Combinatorial Scientific Computing

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ISBN 9781439827352
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  • Provides an overview of modern combinatorial graph algorithms in computational science
  • Covers a range of topics in scientific computing, including scalable algorithms, software, architectures, and application development
  • Focuses on discrete data structures in computational science, such as hypergraph partitioning, vertex and edge reordering and coloring, and bipartite graph matching
  • Presents applications of high-performance scientific computing in biomedicine, fluid dynamics, and social science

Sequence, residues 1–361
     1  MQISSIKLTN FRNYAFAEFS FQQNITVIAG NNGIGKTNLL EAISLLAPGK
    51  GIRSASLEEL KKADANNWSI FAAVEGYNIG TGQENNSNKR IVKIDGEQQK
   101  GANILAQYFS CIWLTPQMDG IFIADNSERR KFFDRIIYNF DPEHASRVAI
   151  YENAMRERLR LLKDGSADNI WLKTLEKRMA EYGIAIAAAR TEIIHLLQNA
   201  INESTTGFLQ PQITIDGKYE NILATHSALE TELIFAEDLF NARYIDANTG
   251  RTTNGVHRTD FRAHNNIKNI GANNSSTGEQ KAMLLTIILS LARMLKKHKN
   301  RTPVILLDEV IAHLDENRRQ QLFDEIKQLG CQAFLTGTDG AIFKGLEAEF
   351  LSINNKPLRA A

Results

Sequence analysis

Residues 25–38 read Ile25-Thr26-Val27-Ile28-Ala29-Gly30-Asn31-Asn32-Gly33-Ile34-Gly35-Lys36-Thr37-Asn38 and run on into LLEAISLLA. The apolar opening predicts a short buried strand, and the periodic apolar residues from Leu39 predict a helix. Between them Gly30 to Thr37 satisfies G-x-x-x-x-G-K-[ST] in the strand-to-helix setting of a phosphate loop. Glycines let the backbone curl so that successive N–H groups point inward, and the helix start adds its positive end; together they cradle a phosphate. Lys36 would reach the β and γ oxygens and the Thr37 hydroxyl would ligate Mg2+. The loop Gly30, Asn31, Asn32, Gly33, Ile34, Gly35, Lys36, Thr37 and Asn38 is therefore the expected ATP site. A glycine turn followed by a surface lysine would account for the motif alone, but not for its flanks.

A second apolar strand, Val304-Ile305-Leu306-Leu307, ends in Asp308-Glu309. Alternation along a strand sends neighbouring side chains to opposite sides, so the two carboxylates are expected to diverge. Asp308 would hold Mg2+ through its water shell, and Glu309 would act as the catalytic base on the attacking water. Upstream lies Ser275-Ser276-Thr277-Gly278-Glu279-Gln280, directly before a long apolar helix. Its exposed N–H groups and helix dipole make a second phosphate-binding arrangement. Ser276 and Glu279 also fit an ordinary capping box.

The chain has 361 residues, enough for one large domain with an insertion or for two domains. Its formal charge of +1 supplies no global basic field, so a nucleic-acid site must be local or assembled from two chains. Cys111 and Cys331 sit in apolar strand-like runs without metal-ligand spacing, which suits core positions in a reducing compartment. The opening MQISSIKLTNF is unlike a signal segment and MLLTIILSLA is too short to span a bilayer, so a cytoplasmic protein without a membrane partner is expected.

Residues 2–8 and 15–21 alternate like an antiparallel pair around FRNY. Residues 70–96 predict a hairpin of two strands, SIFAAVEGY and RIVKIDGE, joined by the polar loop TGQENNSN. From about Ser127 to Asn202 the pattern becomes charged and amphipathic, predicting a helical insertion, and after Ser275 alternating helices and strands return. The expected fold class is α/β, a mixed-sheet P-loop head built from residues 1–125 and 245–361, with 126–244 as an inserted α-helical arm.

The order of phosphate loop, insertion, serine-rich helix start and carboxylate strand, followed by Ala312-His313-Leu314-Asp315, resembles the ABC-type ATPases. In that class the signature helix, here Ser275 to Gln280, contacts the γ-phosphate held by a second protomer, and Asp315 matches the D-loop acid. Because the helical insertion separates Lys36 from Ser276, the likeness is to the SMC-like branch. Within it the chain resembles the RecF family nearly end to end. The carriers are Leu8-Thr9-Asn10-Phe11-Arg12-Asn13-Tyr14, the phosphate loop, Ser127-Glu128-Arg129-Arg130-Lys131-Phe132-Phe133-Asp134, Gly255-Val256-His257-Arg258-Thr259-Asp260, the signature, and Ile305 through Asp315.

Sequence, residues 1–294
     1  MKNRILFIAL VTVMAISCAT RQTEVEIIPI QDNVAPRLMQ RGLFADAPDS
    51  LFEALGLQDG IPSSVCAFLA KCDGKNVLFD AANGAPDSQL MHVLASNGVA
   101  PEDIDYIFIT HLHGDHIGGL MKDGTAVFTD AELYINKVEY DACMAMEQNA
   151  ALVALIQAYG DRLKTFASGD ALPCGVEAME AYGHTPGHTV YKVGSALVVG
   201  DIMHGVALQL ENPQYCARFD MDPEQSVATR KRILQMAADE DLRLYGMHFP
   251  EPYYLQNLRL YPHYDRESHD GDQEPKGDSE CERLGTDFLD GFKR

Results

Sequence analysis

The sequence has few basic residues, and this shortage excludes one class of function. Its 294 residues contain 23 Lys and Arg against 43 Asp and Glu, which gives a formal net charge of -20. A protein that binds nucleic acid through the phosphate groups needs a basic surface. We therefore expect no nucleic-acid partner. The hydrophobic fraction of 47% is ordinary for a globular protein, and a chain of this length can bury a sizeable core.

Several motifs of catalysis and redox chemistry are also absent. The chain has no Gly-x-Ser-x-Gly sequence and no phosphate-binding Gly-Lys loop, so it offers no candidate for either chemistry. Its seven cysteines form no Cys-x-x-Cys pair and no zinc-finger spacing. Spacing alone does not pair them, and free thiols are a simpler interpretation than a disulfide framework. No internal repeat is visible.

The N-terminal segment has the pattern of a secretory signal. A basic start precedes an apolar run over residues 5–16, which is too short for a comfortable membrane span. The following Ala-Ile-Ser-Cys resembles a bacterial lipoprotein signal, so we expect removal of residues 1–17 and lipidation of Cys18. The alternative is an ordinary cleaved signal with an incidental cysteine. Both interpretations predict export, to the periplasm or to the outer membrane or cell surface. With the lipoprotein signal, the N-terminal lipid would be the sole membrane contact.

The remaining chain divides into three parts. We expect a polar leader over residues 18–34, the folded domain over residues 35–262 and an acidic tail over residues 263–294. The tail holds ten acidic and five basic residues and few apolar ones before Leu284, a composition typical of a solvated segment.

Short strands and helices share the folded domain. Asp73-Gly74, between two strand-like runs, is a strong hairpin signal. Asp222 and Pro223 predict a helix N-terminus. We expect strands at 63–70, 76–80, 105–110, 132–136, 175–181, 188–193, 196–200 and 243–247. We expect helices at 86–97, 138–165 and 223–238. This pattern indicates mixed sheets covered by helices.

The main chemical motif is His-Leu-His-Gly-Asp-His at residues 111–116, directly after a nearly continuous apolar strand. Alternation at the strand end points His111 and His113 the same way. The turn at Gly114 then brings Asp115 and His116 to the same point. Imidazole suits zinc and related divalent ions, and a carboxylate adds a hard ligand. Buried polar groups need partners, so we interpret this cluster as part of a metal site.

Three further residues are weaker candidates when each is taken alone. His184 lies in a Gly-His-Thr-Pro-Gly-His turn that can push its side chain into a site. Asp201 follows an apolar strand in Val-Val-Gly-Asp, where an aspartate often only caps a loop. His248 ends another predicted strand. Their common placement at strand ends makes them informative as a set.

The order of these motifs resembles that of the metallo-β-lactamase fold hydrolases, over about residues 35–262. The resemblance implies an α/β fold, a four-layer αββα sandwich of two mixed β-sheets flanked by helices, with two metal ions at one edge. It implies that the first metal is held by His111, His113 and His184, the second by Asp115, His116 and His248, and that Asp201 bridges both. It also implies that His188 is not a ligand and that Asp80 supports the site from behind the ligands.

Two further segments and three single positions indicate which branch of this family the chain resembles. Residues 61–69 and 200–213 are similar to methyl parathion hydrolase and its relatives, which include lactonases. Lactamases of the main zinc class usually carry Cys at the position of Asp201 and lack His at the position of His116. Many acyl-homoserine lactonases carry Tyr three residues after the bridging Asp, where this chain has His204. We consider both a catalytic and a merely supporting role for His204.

Combinatorial Scientific Computing explores the latest research on creating algorithms and software tools to solve key combinatorial problems on large-scale high-performance computing architectures. It includes contributions from international researchers who are pioneers in designing software and applications for high-performance computing systems.

The book offers a state-of-the-art overview of the latest research, tool development, and applications. It focuses on load balancing and parallelization on high-performance computers, large-scale optimization, algorithmic differentiation of numerical simulation code, sparse matrix software tools, and combinatorial challenges and applications in large-scale social networks. The authors unify these seemingly disparate areas through a common set of abstractions and algorithms based on combinatorics, graphs, and hypergraphs.